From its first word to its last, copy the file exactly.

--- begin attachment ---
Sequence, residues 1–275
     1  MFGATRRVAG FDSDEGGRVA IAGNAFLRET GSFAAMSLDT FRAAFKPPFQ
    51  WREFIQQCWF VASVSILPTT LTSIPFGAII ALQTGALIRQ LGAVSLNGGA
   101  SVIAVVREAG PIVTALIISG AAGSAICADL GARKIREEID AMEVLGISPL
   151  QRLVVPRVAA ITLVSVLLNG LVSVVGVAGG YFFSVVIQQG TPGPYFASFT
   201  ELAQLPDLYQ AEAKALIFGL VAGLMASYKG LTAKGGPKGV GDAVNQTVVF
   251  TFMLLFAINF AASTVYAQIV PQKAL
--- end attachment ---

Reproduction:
Sequence, residues 1–275
     1  MFGATRRVAG FDSDEGGRVA IAGNAFLRET GSFAAMSLDT FRAAFKPPFQ
    51  WREFIQQCWF VASVSILPTT LTSIPFGAII ALQTGALIRQ LGAVSLNGGA
   101  SVIAVVREAG PIVTALIISG AAGSAICADL GARKIREEID AMEVLGISPL
   151  QRLVVPRVAA ITLVSVLLNG LVSVVGVAGG YFFSVVIQQG TPGPYFASFT
   201  ELAQLPDLYQ AEAKALIFGL VAGLMASYKG LTAKGGPKGV GDAVNQTVVF
   251  TFMLLFAINF AASTVYAQIV PQKAL